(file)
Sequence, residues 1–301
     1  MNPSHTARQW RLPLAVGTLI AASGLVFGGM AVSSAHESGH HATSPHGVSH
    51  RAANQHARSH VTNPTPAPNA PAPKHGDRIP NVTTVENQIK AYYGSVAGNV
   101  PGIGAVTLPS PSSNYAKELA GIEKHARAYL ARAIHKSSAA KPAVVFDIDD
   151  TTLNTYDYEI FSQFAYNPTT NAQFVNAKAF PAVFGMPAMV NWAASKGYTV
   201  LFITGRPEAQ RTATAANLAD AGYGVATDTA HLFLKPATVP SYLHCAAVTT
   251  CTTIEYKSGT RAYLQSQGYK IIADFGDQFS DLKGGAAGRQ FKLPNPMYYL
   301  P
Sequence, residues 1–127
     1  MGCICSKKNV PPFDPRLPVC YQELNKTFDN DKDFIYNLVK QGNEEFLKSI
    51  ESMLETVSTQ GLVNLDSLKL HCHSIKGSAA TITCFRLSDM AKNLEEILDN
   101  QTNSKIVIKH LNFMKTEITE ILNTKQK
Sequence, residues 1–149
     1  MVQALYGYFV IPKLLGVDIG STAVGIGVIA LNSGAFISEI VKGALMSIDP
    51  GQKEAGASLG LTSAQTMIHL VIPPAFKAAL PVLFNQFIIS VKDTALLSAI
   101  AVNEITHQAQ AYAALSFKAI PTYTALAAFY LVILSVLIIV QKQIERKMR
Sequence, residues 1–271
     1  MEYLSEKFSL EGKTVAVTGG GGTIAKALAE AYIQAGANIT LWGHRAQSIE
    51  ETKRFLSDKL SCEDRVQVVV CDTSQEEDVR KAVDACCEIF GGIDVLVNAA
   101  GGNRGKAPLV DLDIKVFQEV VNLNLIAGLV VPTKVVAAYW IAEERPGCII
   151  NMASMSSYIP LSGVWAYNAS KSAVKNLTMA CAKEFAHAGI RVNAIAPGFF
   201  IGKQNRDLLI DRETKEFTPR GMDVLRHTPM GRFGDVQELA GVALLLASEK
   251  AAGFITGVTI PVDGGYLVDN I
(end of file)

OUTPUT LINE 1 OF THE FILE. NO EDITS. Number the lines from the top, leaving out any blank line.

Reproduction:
Sequence, residues 1–301